"We encourage all homebuyers or sellers to work with a realtor, and specifically to ask their realtor to determine if their property or the property they are interested in purchasing may be in a flood zone. By using RPR (Realtors Property Resource) database, realtors can view properties in the system with a FEMA overlay which will show if a property is located within a flood zone or not. This service is a great way for buyers and sellers to know the facts before purchasing or selling, and best of all, there is no charge. Not all real estate licensees have access to RPR, as it is a member-specific benefit, but all members of the National Association of Realtors can access the system for this data and their clients or customers."

Source: John Mayfield, president of Missouri Realtors

Statement from the National Association of Realtors:

“In most states including Missouri, there is a common law requirement that sellers of real estate disclose known material adverse conditions or facts to buyers. Damage to property from flooding would generally be considered a material fact but I'm not familiar with the court cases there. The Missouri Association of Realtors has a formal seller property disclosure form that includes if the seller is aware of any flooding, drainage or grading problems or if the property is located in a 100-year flood hazard area. This form is commonly used in real estate transactions there. In addition, under federal law, lenders are required to notify buyers if the property is located an area of special flood hazard and thus required to purchase flood insurance for a federally related mortgage. Here's an example of one law firm's explanation of seller disclosure laws in Missouri."

Source: Tori Syrek, a spokesperson with the National Association of Realtors 

Statement from St. Louis Realtors:

"Reminding buyers to purchase flood insurance is helpful and is available due to the ongoing advocacy efforts of our association to ensure the National Flood Insurance Program is funded by the federal government. St. Louis Realtors is working on grants to assist people impacted by the recent floods. These grants will be available soon via the Missouri Realtors Relief Foundation. It is hard to comment on a situation without knowing all the facts. That said, to suggest the Realtor did not accurately describe the risk of flooding implies the Realtor was aware of flooding potential when that very well may not have been the case. Typically, no one knows more about a home than the owner. This is why St. Louis Realtors developed a Seller Disclosure form that Realtors encourage homeowners to complete when listing their house for sale. One of the questions on the document pertains to flooding. If completed, buyers are provided with a copy of this form when purchasing a home. In this case, there is no way of knowing whether the seller completed the form and, if they did, whether they noted flooding as an issue. It’s also important to note that flood zones change. In the recent storms in the surrounding region, areas that had never flooded before unfortunately did. Additionally, if the individual had utilized a government-backed mortgage (e.g., Federal Housing Administration, Veterans Affairs, or the United States Department of Agriculture) for a property in a high-risk flood zone, they would have been required to get flood insurance. The need for flood insurance would have prompted the purchaser to consider any potential downside of purchasing in a flood zone. Those interested in learning if their home might be affected by flood zones can learn more by doing an advanced location search, specific to need, which can be completed by visiting: FEMA Flood Map Service Center | Search All Products. A good resource for homeowners is the FEMA flood maps. They are constantly being updated and, in many instances, are updated on a community-need basis. The most recent updates to FEMA flood maps in St. Louis City and St. Louis County are below:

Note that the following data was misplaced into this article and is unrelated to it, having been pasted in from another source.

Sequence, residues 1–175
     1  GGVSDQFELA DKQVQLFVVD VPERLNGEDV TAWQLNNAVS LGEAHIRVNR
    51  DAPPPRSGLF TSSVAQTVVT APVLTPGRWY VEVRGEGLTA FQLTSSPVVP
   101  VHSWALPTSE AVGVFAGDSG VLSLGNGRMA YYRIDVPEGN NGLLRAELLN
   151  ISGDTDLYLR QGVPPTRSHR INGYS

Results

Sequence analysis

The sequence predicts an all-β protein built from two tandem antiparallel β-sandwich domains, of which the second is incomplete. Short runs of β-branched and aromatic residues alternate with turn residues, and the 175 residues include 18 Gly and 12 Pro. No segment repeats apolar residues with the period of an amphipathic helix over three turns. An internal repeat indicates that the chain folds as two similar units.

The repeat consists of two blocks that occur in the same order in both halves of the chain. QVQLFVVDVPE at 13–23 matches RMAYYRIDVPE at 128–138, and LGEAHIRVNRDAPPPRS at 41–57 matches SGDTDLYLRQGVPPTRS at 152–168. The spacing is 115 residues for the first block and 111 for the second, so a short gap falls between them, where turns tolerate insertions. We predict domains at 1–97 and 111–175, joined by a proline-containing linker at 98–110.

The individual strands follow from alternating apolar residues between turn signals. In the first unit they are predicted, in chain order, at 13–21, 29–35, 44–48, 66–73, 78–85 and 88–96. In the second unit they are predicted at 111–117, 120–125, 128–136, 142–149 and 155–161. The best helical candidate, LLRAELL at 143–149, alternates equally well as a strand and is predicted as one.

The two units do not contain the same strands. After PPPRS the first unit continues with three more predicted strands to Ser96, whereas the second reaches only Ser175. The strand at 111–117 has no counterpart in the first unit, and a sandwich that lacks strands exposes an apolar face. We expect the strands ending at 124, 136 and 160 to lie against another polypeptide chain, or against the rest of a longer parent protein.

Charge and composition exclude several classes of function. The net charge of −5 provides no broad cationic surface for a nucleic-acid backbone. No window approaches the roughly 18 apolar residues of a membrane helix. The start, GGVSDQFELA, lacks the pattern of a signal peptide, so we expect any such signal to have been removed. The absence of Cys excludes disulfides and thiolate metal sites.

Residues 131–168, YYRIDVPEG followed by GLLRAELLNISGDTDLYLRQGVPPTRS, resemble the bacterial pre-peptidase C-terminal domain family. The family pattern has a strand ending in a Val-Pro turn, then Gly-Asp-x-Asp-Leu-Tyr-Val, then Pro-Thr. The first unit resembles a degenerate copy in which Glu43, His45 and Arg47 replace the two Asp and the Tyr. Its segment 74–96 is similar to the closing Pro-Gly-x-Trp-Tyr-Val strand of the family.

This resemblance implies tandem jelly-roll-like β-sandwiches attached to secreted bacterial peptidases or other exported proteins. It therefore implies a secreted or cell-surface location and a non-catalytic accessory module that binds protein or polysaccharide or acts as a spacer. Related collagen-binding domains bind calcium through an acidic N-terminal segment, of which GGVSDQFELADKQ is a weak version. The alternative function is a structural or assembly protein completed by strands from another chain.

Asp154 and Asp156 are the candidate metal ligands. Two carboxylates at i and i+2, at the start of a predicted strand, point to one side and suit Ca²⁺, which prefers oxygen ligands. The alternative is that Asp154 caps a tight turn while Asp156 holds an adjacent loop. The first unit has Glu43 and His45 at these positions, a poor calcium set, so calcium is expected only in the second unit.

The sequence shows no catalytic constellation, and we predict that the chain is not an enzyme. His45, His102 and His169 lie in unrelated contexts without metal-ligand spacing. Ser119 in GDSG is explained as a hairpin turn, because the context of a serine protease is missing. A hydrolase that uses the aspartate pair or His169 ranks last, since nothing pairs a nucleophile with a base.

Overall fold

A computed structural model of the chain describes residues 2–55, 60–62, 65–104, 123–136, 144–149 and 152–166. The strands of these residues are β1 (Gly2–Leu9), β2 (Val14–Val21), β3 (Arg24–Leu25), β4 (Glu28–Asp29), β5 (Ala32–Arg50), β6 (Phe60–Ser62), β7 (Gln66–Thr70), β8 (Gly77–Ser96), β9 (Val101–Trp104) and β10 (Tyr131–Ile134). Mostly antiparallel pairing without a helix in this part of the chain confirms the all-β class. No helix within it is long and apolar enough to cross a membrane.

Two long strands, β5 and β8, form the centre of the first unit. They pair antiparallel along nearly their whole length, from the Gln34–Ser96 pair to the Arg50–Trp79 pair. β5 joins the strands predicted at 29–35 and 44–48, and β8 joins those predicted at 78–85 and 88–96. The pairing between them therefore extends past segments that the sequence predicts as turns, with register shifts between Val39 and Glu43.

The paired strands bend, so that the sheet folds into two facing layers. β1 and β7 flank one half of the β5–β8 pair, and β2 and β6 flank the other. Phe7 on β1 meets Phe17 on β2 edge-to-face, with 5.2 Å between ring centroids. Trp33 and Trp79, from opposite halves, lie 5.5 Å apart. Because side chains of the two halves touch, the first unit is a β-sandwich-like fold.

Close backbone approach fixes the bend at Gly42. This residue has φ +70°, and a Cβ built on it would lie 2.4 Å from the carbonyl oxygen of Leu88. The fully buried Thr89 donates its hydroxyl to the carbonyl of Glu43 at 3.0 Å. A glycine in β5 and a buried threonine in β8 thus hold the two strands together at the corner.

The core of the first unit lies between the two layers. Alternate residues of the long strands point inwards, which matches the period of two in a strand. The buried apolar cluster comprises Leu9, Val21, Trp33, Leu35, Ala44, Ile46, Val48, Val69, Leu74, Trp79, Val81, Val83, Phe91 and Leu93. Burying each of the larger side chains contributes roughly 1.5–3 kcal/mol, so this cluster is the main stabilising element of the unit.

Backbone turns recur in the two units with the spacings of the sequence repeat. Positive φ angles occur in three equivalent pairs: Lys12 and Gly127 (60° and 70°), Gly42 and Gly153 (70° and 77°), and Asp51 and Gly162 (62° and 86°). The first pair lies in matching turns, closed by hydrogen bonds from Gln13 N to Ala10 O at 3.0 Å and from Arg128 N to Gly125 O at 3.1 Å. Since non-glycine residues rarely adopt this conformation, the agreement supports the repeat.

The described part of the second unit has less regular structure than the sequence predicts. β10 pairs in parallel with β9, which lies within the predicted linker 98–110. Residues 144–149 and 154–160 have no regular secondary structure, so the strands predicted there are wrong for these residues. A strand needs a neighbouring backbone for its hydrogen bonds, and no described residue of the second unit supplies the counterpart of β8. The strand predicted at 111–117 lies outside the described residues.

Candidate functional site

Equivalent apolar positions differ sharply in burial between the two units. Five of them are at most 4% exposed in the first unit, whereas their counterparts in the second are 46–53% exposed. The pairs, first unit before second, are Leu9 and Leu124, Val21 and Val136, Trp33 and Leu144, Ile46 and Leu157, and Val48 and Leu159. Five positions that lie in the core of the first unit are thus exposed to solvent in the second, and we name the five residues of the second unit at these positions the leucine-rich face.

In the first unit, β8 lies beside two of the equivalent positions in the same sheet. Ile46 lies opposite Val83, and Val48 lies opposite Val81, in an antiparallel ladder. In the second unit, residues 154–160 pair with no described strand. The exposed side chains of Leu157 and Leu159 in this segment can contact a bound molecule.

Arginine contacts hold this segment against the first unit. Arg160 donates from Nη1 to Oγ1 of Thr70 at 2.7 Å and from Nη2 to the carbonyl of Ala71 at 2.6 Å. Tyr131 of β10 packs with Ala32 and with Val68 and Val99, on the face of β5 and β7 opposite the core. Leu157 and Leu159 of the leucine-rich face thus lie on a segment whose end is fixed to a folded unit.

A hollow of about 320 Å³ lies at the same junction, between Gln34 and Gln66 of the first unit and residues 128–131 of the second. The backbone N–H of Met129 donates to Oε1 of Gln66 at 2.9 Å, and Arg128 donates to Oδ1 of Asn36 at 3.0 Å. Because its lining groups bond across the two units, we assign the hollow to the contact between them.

County: Last updated Feb. 4, 2015, and June 5, 2020. The county is broken down into regions. Due to this, select areas were updated at different times.

City: Last updated May 24, 2011. The city currently references a preliminary draft noting the potential for an updated map in the future."

Source: Dan Wunder, a spokesperson at St. Louis Realtors

Resources

If you buy a home in a high-risk flood zone with a federally-backed mortgage, the law requires you to buy flood insurance. Most flood insurance in the U.S. is through the Federal Emergency Management Agency’s National Flood Insurance Program. Usually, people buy FEMA-backed flood insurance through their family’s insurance provider.

A FEMA spokesperson says up to 40 percent of flood claims came from areas that are not in high-risk flood zones.

For the recent flooding in St. Louis, FEMA’s National Flood Insurance Program has already paid more than $1.4 million in flood insurance claims. For years, FEMA has been encouraging everyone to purchase flood insurance even if they’re not required to. 

FEMA’s flood map: https://msc.fema.gov/portal/home

FEMA has a Flood Risk Disclosure guide 

First Street Foundation Flood Factor mapping tool: https://riskfactor.com/ 

Tips to protect your home from flooding

Step 1: Measure your level of risk. Analyze risk data from FEMA and other sources like First Street Foundation’s Flood Factor mapping tool to figure out how much risk you may have over the course of your mortgage.

Step 2: Insure your property. Most policies that homeowners and renters have don't include flood insurance. You might need to purchase flood insurance through the National Flood Insurance Program (NFIP) administered by FEMA. 

Step 3: Prepare your home in case of a flood. Maintain proper water runoffs and drainage. Elevate utilities and service equipment, and install foundation vents or a sump pump. 

Step 4: Engage with the community and push for city-wide measures. Take collective action to protect the community against flooding. Drive your local leaders to investigate whether your community is eligible for FEMA’s resilience programs, including the Building Resilient Infrastructure and Communities (BRIC) grant program and Flood Mitigation Assistance (FMA) program.

From the American Flood Coalition